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BizTalk Orchestration and XLANG

By now, we have seen all the key technologies, techniques and tools that provide basic B2B routing functionality. However, B2B scenarios not only have routing issues that need to be solved, but they also involve significant business logic challenges. For one, B2B scenarios are usually huge. And what makes it even harder; B2B scenarios run over a long period of time. When we receive an order from West Wind, we try to fulfill the order immediately, but what if we need to ask a third party to drop-shop the order for us? In that case, we have to forward the request and wait for them to get back to us. Although we wouldn’t hope so, this could take several days.

What we need is a methodology and a tool to handle this kind of a scenario. And as you already guessed, I wouldn’t be writing about all of this if BizTalk couldn’t handle it. The methodology is called
BizTalk Orchestration. It allows us to visually design a long-running business scenario and compile it into a so-called XLANG Schedule. XLANG is an XML based compiled BizTalk application. To make this a little clearer, lets have a look at an example.

Designing a Business Scenario

BizTalk Server 2000 ships with a tool called the BizTalk Application Designer. This is basically a Microsoft Visio 2000 based design tool. It utilizes a flow chart based approach for designing (orchestrating) long running B2B scenarios. Here’s a picture of the application designer.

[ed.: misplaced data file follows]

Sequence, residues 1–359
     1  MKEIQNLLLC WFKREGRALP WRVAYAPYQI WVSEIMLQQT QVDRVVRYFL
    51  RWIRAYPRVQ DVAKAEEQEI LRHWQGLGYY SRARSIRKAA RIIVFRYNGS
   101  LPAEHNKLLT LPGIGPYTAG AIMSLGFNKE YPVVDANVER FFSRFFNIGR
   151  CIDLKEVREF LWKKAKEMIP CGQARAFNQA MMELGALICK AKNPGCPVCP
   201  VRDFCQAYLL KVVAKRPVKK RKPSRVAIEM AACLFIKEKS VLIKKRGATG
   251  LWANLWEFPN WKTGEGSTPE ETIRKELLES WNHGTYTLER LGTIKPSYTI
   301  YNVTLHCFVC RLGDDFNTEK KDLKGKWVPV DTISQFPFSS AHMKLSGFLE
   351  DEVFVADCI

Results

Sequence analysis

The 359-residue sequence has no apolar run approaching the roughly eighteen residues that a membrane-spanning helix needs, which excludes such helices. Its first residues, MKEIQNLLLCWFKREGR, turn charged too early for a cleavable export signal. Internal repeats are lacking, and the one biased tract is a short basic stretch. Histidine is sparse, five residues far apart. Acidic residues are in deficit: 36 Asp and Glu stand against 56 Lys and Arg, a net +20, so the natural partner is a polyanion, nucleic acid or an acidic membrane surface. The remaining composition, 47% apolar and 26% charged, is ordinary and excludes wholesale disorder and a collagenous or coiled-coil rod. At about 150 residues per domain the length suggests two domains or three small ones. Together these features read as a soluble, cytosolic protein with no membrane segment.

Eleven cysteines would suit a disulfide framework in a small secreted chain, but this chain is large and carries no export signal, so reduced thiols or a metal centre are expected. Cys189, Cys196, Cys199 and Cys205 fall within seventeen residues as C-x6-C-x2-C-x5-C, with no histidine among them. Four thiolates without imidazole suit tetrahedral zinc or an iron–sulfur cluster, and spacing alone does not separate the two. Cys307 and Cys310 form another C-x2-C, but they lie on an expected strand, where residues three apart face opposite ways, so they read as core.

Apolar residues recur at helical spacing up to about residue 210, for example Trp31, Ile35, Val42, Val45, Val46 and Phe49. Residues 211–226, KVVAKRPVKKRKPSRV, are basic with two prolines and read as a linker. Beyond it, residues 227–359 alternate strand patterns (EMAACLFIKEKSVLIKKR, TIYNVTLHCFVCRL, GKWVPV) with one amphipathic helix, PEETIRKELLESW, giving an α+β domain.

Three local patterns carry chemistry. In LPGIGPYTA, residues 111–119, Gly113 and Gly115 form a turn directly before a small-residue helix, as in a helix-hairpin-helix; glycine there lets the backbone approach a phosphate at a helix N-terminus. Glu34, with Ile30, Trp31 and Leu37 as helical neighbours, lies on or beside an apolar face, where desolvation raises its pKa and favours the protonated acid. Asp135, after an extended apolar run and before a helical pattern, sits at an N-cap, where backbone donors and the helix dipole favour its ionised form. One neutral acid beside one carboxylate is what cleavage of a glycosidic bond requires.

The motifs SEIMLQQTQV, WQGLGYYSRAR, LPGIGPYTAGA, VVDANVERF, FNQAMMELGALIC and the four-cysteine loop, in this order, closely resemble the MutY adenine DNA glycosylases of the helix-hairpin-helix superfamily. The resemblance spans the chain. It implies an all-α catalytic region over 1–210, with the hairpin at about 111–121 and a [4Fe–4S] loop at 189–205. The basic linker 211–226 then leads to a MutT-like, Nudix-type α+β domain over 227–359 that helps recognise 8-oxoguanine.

The basic concept is simple: Every scenario has a main entry point labeled “Begin”. The designer or analyst then drops more flow chart items on the diagram, such as action items, decisions, splits, joins and transactions (we will be talking about all of those). All the flow chart items are then connected to each other, in order to indicate the proper flow of events.

In the example above, I dropped the “Action 1” item on the diagram, and then I highlighted the “Begin” shape and dragged the bottom connection point to the action item in order to connect the two items. I then added the decision shape. By default, decision shapes only have the “Else” statement, so I right-clicked on it, clicked “Add Rule” and added the “Something” decision. I also connected the previous action with the decision shape. Subsequently, I added to more action shapes and connected each individual rule to one of the shapes.

The diagram isn’t done at this point, but you get the idea. Here’s a larger diagram that describes the entire EPS Purchase Order and fulfillment process:


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